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  • • Physiologically stressful illness

    • Upper GI bleeding

    • Acute gastric or duodenal ulcers

    • 4 major etiologic factors

    • 1. Shock

      2. Sepsis

      3. Burns (Curling ulcers)

      4. CNS tumors or trauma (Cushing ulcers)


  • • Clinically apparent ulcers develop in about 20% of susceptible patients

    • Perforation occurs in 10% of cases

    • Most stress ulcers develop in the stomach; 30% in the duodenum; sometimes both are involved

    • Decreased mucosal resistance is the first step, which may involve the effects of ischemia and circulating toxins, followed by decreased mucosal renewal, decreased production of endogenous prostanoids, and thinning of the surface mucus layer

    • Acute ulcers associated with CNS tumors or injuries differ from other stress ulcers with elevated serum gastrin and gastric acid secretion

Symptoms and Signs

  • • Hemorrhage is nearly always the first manifestation

    • Pain rare

    • Physical exam is not contributory except to reveal gross or occult fecal blood or signs of shock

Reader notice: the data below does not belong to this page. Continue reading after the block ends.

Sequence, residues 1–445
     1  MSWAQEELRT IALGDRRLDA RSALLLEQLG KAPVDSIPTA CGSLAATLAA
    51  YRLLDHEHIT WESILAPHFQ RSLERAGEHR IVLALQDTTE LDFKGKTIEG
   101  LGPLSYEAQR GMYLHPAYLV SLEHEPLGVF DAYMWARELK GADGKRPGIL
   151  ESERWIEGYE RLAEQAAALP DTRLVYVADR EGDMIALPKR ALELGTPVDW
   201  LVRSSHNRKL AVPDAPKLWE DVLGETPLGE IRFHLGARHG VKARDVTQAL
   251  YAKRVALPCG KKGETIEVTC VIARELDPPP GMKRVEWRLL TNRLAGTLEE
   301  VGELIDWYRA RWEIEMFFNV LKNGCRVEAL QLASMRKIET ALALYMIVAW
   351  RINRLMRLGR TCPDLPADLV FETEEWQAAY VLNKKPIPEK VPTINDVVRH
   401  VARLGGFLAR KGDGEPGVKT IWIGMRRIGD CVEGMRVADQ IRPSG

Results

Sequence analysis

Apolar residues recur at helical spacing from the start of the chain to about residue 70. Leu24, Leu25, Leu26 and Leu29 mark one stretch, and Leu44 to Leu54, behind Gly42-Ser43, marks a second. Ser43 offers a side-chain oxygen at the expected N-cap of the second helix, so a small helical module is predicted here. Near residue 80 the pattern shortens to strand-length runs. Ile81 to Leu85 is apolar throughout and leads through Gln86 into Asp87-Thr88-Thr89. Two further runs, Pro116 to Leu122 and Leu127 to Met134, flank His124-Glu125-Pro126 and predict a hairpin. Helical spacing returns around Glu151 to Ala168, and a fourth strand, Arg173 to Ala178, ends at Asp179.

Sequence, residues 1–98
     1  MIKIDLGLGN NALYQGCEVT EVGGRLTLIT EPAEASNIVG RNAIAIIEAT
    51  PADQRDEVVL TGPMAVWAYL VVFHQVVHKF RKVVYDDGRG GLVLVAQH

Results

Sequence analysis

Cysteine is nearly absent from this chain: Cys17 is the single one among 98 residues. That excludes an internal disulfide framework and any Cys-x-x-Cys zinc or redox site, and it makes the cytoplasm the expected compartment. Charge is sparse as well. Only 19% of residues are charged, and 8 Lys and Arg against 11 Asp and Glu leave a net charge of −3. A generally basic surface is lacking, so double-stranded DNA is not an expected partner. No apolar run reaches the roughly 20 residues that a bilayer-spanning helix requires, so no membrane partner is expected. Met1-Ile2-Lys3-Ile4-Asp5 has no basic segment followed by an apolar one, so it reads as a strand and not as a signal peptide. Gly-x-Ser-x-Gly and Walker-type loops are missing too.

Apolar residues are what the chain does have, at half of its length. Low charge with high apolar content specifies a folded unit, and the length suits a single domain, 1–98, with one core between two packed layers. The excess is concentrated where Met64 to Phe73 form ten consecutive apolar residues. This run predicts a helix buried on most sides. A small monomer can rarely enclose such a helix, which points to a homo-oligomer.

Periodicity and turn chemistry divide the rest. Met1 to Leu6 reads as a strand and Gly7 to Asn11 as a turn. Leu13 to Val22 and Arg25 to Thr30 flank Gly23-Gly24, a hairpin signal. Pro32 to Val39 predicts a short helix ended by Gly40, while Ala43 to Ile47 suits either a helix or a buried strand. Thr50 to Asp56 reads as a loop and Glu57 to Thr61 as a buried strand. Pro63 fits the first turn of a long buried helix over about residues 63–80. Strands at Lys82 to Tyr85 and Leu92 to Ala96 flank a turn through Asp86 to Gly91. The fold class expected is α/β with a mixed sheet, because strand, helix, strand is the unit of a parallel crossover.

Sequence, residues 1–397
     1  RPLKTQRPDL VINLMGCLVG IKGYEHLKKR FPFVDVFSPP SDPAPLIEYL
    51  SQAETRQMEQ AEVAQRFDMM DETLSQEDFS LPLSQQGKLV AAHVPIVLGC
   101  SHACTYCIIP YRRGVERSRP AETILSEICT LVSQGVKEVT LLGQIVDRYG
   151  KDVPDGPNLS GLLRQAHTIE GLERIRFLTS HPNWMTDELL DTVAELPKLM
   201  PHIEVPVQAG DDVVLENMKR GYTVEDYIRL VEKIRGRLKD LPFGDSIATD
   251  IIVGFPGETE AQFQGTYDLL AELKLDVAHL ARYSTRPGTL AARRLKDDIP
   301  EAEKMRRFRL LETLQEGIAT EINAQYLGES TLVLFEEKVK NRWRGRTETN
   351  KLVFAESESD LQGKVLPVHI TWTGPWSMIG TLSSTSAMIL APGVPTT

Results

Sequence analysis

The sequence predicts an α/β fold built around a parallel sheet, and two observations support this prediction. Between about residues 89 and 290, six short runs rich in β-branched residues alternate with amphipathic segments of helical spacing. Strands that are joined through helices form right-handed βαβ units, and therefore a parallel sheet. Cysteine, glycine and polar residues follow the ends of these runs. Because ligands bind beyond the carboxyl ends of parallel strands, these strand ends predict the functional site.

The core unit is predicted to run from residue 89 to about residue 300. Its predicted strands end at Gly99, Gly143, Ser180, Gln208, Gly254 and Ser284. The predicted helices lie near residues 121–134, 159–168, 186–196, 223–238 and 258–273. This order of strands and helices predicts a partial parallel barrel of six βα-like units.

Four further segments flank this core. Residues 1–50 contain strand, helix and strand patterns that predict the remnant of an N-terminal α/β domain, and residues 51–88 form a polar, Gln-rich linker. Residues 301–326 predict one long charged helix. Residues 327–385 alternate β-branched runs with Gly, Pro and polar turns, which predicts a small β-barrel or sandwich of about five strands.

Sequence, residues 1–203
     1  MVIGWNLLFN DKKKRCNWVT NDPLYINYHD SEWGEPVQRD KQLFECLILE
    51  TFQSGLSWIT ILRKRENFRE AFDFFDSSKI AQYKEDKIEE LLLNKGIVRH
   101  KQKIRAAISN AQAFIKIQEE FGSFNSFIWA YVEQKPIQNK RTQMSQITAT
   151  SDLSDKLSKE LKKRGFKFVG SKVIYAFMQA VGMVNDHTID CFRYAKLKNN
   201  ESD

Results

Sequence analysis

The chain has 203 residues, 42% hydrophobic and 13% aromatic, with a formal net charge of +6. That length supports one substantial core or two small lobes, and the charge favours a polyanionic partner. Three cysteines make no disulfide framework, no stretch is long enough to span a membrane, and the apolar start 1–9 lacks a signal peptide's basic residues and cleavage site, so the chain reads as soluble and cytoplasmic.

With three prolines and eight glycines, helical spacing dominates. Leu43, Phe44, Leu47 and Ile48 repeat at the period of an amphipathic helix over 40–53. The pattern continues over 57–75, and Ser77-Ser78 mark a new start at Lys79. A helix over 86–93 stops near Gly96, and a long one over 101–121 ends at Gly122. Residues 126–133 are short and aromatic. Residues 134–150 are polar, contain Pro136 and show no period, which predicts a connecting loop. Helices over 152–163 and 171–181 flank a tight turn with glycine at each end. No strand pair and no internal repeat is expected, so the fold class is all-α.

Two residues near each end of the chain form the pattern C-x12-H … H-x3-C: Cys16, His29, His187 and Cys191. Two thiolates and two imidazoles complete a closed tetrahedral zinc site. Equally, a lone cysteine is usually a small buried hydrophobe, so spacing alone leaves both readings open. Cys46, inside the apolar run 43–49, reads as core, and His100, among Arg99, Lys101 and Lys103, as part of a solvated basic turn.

• Clinically evident bleeding is usually seen 3-5 days after the injury, and massive bleeding generally does not appear until 4-5 days later

Laboratory Findings

  • • Anemia

    • Elevated gastrin and gastric acid secretion with Cushing ulcers

Imaging Findings

  • Gastroduodenal endoscopy: Shows shallow, discreet ulcers in the stomach, duodenum, or both

  • • Any patient with recent history of shock, sepsis, burns, or CNS tumors or trauma and upper GI bleeding should undergo gastroduodenal endoscopy to evaluate for stress ulcers

    • All patients at risk for stress ulcers should receive pharmacologic ulcer prophylaxis

Rule Out

  • • Other causes of GI hemorrhage

  • • Evidence of GI bleeding

    • -NG aspiration of blood confirms upper GI source

    • Endoscopy to confirm bleeding ulcer as source

When to Admit

  • • Patients with antecedent physiologic stress necessary for development of stress ulcer will already be hospitalized


  • • Gastric lavage

    • Endoscopic treatment of bleeding ulcers

    • Suture the bleeding points, vagotomy, and antrectomy or pyloroplasty

    • Rarely, total gastrectomy is necessary

    • Infusion of vasopressin into the left gastric artery through a percutaneously placed catheter may be useful


  • • Failure of nonoperative treatment


  • • H2-receptor blockers may decrease the rate of rebleeding

    • Blood and/or crystalloid infusion as indicated

Treatment Monitoring

  • • Monitor clinical signs of ongoing bleeding, such as bloody NG aspirate and decreasing Hct


  • • Rebleeding

    • Perforation

    • Obstruction


  • • Overall mortality determined largely by underlying disease


  • • H...

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